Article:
Dubai: As Royal Dutch Shell announced it was pulling out of Syria, a day after the European Union imposed new sanctions on the regime of Bashar Al Assad, lawyers for other oil companies active in Syria are now poring over the text of the latest bans to assess the implications for their operations there. Some have already indicated that they may follow Shell's lead.
The Anglo-Dutch energy company was forced to act after the EU blacklisted an operating company in which it holds a stake, Al Furat Petroleum Co. It is one of 11 companies that were added to the EU's sanctions list on Thursday. Syria's state-owned national oil company, General Petroleum Corp, or GPC, is also on the list.
Shell has also experienced financial problems in Syria recently, according to industry observers. Companies working there sell the oil they produce to GPC. But GPC has struggled to make payments as Syria's cash reserves dwindle. According to Egbert Wesselink of IKV Pax Christi, a Dutch group that advocates for peace in conflict areas, Shell hasn't been paid at least for the last week.
The tightened sanctions are the latest response to the bloody crackdown on opponents of Al Assad. UN officials have estimated the death toll in Syria's eight-month uprising at more than 4,000.
The EU also announced an export ban on key technology for Syria's oil and gas industry, a ban on trade in Syrian public bonds and a prohibition on Syrian banks opening new branches in the EU.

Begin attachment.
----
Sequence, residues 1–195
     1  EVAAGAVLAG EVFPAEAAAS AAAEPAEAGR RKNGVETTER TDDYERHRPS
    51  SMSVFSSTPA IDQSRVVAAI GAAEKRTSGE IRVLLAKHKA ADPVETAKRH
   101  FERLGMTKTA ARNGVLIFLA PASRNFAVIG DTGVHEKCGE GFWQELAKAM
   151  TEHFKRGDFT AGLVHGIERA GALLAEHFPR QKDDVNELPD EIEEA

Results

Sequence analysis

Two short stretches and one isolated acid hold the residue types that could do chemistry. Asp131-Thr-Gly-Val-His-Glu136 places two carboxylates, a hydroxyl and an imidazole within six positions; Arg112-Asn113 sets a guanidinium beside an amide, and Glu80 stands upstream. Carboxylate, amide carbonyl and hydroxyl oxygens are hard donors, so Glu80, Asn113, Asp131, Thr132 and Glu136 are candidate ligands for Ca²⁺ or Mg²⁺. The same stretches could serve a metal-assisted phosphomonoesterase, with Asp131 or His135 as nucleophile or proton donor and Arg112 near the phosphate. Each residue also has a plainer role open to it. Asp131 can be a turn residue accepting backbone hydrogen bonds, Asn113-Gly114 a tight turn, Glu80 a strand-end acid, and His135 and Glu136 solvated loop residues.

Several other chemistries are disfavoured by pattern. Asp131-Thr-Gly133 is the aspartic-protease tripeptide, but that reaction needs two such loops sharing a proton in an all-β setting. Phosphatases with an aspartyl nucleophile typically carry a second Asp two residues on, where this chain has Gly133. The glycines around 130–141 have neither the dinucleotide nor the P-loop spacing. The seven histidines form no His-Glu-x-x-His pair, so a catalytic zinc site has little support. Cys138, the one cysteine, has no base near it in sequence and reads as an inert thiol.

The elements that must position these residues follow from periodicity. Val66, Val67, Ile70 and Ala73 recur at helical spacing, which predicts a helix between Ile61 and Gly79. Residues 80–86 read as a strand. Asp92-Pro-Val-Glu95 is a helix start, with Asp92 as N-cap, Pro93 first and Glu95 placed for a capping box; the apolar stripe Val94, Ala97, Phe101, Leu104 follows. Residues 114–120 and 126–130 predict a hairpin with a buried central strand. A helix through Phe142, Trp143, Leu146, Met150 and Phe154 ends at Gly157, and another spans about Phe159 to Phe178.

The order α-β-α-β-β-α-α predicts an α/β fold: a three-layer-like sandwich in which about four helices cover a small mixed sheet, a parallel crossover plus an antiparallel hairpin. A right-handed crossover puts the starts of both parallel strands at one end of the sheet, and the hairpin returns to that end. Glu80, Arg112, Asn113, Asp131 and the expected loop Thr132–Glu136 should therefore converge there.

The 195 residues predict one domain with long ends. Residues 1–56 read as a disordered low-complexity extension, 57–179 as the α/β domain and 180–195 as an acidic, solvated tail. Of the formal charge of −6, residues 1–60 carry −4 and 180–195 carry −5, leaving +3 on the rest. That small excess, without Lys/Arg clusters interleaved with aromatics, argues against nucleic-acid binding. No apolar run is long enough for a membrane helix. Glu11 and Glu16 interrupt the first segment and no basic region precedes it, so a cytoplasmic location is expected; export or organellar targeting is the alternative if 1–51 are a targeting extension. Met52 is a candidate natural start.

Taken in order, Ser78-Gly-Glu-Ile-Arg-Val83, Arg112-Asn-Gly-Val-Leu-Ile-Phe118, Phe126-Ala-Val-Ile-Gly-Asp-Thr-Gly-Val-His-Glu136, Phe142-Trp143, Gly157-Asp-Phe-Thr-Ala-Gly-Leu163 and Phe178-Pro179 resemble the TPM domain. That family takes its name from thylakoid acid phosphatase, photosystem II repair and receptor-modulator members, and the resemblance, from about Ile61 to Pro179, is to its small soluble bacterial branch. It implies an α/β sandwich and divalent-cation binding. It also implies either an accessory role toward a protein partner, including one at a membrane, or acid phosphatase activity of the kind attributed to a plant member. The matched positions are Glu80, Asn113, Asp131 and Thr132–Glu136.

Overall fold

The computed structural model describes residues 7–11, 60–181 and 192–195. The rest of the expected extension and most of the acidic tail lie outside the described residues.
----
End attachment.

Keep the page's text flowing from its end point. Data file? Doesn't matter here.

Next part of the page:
Shell said it was ceasing its activities in Syria ‘in compliance with sanctions.'
The move won't have much of an impact on Shell's business. Its operations in Syria are run through a subsidiary called Syria Shell Petroleum Development, or SSPD, which is 65 per cent owned by Shell and 35 per cent by China National Petroleum Co. SSPD in turn holds a 31.3 per cent stake in Al Furat, which operates three production licences in Syria. That means Shell's share of Al Furat's production is only 13,000 barrels of oil-equivalent a day, a tiny fraction of Shell's global output of three million barrels a day.
Total SA, the French oil company which produces three times more oil in Syria than Shell, said it was ‘assessing the situation' and insisted it would comply with all sanctions.
But its situation is less clear-cut than Shell's. Total's joint venture partner is the Syrian Petroleum Co. or SPC, which, unlike Al Furat, is not on the sanctions blacklist. However, SPC is an affiliate of Syria's state oil company, which is on the list.
Another company that faces difficulties is Gulfsands Petroleum, a small independent.
Since the EU banned imports of Syrian crude in September, the company has had to reduce its production there by about two-thirds, to 7,000 barrels a day. A spokeswoman said it "will comply with all of the latest EU sanctions" but declined to comment on how the latest measures would affect its Syrian operations.
Syria pumps about 370,000 barrels of oil a day, about 150,000 of it exported, according to the International Energy Agency. Those exports make up about one-third of Syria's export income — and nearly all of it is sold to Europe.